Workplace bullying is an extreme social stressor at work leading to a severe deterioration of health amongst its targets. Research has revealed two important orders of factors that may trigger workplace bullying: Poor working conditions and individual factors such as impaired mental health that determine a personal psychological vulnerability to bullying. However, research has rarely investigated their role simultaneously. In response, we investigated whether the relationship between poor working conditions (i.e., high job demand) at time 1 (T1) and the experience of bullying at time 2 (T2) is strengthened by experiencing symptoms of impaired mental health at T1. We also tested whether job control—which contributes to better working conditions—at T1 moderates the relationship between job demand at T1 and bullying at T2. Participants (N = 235) were workers in the health sector. The time lag between T1 and T2 was one year. Cross‐lagged path analysis revealed that the relationship between job demand at T1 and the experience of bullying behavior at T2 was strengthened by T1 impaired mental health. This suggests that considering both working conditions and individual factors together may be important for reaching a better understanding of the development of bullying.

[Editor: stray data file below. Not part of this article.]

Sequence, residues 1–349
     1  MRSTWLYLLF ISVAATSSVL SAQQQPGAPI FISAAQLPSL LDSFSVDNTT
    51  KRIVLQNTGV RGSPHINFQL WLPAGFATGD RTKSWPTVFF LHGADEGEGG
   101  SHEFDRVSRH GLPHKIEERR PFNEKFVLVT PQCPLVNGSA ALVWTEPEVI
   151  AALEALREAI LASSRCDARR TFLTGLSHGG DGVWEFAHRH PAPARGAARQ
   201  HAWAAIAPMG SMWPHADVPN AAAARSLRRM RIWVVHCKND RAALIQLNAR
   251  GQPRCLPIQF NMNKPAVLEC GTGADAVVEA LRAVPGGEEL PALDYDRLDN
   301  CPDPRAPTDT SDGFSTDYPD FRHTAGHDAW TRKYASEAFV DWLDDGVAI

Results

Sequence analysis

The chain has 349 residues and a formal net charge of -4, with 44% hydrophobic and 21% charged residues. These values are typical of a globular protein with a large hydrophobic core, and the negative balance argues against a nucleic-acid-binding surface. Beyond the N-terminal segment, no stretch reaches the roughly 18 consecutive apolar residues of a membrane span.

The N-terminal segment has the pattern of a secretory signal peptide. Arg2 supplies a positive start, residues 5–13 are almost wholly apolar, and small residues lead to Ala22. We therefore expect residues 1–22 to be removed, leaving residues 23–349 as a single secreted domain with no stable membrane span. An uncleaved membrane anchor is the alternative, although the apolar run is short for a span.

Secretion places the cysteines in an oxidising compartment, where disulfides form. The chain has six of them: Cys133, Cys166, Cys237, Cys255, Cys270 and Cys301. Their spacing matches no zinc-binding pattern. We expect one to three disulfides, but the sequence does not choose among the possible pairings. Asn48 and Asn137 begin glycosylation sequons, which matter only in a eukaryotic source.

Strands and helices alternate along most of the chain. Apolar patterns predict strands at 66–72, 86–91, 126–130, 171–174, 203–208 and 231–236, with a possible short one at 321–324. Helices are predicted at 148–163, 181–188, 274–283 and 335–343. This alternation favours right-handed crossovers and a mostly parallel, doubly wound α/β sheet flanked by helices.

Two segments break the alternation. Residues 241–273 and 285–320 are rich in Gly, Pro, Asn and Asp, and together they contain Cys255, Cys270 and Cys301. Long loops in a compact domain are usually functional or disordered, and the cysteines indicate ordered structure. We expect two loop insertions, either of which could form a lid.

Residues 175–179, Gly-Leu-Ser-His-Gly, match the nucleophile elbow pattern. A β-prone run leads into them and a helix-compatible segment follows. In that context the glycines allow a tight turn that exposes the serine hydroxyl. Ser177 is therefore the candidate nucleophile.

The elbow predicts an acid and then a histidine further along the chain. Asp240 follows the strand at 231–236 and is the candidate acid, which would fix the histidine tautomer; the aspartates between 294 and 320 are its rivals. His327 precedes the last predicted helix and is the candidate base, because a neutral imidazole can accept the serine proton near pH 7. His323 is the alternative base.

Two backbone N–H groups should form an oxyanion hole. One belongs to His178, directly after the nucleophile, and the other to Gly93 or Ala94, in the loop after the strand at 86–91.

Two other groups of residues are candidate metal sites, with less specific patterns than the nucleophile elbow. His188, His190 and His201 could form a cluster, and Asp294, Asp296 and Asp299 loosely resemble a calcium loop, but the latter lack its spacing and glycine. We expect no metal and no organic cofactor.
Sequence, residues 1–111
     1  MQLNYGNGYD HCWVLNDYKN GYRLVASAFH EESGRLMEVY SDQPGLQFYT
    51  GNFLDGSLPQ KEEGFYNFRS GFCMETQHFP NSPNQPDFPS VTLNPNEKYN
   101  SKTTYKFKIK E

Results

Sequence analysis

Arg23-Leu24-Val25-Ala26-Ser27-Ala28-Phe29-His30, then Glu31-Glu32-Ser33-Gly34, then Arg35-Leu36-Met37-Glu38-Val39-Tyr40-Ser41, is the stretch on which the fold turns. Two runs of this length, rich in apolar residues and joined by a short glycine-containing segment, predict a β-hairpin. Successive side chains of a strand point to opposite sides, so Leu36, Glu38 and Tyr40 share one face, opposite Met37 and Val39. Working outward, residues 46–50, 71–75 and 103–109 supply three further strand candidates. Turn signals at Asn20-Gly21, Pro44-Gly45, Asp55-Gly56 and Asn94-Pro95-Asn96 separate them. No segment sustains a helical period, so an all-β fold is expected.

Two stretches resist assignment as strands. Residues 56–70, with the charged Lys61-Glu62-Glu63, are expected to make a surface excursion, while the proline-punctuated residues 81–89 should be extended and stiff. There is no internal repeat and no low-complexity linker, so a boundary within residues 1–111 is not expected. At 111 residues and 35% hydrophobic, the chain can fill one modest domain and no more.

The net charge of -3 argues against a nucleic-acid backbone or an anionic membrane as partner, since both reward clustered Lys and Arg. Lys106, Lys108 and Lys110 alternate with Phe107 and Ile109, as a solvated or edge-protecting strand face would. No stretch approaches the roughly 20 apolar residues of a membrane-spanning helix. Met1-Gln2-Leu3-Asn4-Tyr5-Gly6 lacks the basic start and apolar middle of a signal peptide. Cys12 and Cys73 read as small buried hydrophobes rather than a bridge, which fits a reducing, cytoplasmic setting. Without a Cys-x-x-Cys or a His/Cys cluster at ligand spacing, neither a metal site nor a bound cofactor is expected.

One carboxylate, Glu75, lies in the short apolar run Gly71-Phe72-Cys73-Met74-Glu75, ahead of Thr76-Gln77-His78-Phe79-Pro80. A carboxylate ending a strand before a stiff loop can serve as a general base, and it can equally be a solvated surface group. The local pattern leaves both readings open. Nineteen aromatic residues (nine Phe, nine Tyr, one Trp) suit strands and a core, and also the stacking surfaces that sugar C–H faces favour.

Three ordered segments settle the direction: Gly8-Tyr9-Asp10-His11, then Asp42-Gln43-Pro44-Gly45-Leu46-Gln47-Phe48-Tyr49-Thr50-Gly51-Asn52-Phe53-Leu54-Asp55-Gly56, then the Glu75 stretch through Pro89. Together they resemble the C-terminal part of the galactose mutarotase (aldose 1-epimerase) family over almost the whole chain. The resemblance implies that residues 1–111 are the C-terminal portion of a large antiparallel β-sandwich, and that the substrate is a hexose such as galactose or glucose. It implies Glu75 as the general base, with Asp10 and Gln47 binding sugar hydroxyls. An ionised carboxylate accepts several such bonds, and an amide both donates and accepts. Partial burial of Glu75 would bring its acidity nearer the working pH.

Job demand, job control, and impaired mental health in the experience of workplace bullying behavior: A two-wave study

Balducci C.;Toderi S.;
2020

Abstract

Workplace bullying is an extreme social stressor at work leading to a severe deterioration of health amongst its targets. Research has revealed two important orders of factors that may trigger workplace bullying: Poor working conditions and individual factors such as impaired mental health that determine a personal psychological vulnerability to bullying. However, research has rarely investigated their role simultaneously. In response, we investigated whether the relationship between poor working conditions (i.e., high job demand) at time 1 (T1) and the experience of bullying at time 2 (T2) is strengthened by experiencing symptoms of impaired mental health at T1. We also tested whether job control—which contributes to better working conditions—at T1 moderates the relationship between job demand at T1 and bullying at T2. Participants (N = 235) were workers in the health sector. The time lag between T1 and T2 was one year. Cross‐lagged path analysis revealed that the relationship between job demand at T1 and the experience of bullying behavior at T2 was strengthened by T1 impaired mental health. This suggests that considering both working conditions and individual factors together may be important for reaching a better understanding of the development of bullying.
INTERNATIONAL JOURNAL OF ENVIRONMENTAL RESEARCH AND PUBLIC HEALTH
Balducci C.; Baillien E.; Van den Broeck A.; Toderi S.; Fraccaroli F.
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Utilizza questo identificativo per citare o creare un link a questo documento: http://hdl.handle.net/11585/797695
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